BANDAR SERI BEGAWAN – More younger men have been diagnosed with HIV in Brunei, raising questions on the potential impact of the lifelong health condition on work productivity.
Dr Justin Wong, head of the Ministry of Health’s disease control division, said data showed HIV infections disproportionately affecting younger men since 2013, with the highest rate among the 20-35 age group.
During a forum titled “Implications of HIV in The Workplace” to mark World AIDS Day 2019, he said 90 percent of HIV patients were men.
“Men are more promiscuous and have multiple sexual partners,” he said.
Dr Wong said Brunei conducts about 200,000 medical tests every year, including HIV testing for expectant mothers and prospective foreign workers.
From January to November 13 this year, 31 new HIV cases were reported and three AIDS-related deaths.
A record high of 41 people were diagnosed with HIV last year. Out of the figure, 93 percent were men and 32 percent were aged 25 to 29.
A total of 219 people are known to be living with HIV in the country.
‘Employers should not discriminate against those with HIV’
Dr Wong said HIV patients in the 20-35 age group are expected to be working for another 20 to 40 years.
“It may affect their socio-economic status particularly if they are discriminated at their workplace or they lose their jobs because of HIV and if they fall ill [because of an untreated HIV infection],” he added.
Assistant Labour Commissioner Rozan Justin Teo Hj Azlan said there are no laws that preclude an employer from hiring a HIV-positive employee.
“Our department takes a very open stance with regards to employment especially when it concerns local jobseekers, young people who are looking for employment.
“Aside from inherent [job] requirements, there should be no reason why a citizen of our country should not be allowed the opportunity to apply, be interviewed and be considered for a specific job,” he said.
Rozan added that that there may be individuals who feel that they were let go from work because of stigma and discrimination towards their health condition.
The Labour Department has yet to receive any reports where an employee was unfairly dismissed from their job because of their HIV-positive status, he said.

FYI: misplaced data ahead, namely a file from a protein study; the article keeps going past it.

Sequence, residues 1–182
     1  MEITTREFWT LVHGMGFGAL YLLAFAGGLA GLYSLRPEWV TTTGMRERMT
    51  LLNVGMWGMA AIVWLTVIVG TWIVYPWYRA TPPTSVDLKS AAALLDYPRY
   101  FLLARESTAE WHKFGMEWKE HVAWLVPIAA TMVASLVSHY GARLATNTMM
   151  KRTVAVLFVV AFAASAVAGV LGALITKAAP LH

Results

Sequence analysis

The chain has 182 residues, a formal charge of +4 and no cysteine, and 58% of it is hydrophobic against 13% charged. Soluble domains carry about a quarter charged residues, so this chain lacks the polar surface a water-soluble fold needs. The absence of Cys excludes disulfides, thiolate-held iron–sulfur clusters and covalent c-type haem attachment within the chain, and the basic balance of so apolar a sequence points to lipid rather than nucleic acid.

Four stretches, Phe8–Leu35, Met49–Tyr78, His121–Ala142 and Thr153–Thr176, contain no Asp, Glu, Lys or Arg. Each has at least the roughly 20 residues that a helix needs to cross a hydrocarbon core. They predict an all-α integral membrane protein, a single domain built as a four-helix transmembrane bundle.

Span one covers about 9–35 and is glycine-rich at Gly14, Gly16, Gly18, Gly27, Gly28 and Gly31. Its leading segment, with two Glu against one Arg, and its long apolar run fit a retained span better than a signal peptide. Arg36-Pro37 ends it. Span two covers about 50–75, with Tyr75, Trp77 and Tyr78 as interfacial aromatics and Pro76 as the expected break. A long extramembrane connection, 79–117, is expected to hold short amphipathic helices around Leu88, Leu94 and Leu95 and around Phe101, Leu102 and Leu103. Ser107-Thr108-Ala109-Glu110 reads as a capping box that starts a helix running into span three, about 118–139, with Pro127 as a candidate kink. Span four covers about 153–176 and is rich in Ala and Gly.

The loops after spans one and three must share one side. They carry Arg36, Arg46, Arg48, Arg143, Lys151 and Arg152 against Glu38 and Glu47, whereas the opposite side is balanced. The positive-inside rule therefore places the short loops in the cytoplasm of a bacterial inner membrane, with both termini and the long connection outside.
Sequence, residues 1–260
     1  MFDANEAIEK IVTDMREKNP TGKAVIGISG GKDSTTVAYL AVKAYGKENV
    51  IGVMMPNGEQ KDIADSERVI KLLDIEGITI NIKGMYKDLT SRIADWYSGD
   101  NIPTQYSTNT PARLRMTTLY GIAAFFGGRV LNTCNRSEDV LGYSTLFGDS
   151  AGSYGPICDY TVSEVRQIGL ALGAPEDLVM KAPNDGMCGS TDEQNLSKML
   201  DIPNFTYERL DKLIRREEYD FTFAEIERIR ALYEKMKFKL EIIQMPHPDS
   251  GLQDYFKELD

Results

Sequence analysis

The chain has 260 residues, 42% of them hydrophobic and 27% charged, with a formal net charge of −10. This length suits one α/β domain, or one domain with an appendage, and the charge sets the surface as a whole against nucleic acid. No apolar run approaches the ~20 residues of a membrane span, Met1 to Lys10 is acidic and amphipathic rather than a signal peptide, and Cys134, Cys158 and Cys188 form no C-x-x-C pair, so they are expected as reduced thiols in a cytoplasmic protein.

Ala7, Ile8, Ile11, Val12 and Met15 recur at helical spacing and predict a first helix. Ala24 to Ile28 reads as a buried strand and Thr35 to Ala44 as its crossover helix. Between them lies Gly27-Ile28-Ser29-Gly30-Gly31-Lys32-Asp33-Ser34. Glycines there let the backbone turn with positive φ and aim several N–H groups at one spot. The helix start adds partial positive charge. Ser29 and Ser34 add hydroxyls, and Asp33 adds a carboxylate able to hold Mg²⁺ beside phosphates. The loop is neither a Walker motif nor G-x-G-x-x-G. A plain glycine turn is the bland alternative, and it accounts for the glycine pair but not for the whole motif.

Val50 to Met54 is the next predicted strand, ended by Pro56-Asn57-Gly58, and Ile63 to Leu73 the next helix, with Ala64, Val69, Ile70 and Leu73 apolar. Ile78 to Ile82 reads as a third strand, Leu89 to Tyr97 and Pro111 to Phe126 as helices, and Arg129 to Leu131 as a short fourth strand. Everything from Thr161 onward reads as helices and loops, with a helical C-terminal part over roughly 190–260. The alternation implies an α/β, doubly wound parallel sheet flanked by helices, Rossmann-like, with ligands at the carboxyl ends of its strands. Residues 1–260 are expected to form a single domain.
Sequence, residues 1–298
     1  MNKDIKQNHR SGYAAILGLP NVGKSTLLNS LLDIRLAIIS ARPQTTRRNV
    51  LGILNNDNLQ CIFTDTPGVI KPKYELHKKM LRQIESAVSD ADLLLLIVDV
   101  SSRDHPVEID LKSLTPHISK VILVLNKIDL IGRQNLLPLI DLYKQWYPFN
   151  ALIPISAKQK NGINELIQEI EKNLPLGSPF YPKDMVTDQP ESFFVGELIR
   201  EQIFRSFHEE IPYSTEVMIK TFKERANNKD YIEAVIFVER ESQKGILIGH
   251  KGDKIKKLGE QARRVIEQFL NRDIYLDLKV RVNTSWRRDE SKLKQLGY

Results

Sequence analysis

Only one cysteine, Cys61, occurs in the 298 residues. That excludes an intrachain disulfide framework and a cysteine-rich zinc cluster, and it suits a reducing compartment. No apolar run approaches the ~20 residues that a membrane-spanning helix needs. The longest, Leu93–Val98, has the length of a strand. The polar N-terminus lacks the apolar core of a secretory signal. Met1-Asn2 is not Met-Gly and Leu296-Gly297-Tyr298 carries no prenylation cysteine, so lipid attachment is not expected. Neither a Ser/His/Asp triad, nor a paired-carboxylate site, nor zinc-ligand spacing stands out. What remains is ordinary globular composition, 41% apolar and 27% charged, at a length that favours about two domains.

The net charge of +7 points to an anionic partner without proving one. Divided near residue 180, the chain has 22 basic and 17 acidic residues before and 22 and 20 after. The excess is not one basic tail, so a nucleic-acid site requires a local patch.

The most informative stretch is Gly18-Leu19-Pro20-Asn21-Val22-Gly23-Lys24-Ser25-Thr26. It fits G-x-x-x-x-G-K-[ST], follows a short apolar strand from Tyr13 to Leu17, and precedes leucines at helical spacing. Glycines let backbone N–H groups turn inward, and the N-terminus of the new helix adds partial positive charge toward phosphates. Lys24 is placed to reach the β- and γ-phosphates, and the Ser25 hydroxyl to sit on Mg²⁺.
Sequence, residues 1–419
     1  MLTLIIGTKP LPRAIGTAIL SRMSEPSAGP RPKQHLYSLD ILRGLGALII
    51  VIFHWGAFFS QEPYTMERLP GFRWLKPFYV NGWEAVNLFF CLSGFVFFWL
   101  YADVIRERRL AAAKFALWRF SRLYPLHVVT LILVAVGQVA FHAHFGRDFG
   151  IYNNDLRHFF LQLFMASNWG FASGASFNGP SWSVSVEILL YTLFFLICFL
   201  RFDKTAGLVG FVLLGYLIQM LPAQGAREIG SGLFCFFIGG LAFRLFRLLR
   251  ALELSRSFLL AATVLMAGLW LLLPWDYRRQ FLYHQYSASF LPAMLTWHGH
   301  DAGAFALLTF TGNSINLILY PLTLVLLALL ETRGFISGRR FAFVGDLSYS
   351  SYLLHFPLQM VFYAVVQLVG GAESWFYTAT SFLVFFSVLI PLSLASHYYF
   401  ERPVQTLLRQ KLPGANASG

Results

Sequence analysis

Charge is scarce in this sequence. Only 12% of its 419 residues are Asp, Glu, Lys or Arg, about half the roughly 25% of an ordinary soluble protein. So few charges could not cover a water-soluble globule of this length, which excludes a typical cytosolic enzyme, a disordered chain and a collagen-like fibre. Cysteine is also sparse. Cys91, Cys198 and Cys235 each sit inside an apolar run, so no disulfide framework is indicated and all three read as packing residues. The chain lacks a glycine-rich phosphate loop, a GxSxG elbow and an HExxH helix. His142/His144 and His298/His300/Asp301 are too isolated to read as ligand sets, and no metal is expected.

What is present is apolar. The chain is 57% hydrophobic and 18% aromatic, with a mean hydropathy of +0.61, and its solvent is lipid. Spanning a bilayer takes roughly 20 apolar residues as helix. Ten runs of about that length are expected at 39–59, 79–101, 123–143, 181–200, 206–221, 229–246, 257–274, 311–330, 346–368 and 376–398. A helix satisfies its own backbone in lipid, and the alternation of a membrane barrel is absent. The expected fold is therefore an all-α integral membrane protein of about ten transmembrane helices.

The assistant commissioner said many major companies in Brunei do not consider HIV/AIDS a cause for concern when it comes to employment.
However, there are certain jobs where it is required to disclose HIV status, such as first responders or those working in the medical profession, said Dr Alice Lai, head of the ministry’s Occupational Health Division.
“For certain occupational groups, HIV testing may be required, such as health care workers and first responders to ensure there is no risk to public safety.”
Dr Wong added that medical testing is crucial because a person with HIV may not show symptoms and can still transmit the virus to another person.
“Being on treatment protects yourself from developing AIDS and also protect others from getting HIV. That is why early detection and treatment is critical to end the AIDS epidemic.
“Most of the time people living with HIV can lead a normal life and in countries like Brunei where treatment is free and provided, the life expectancy of someone living with HIV shouldn’t be any different from the life expectancy of you and I,” he added.
Brunei recorded its first local HIV case in August 1986. Since then, there have been 278 HIV cases among citizens and permanent residents and 59 people have died from AIDS-related illnesses.
The number of HIV cases recorded among women since 1986 is 42. Brunei has also registered four cases of mother-to-child transmission since 1995.
This article was updated at 12.37pm on Dec 3, 2019 to reflect a clarification to the 16th paragraph.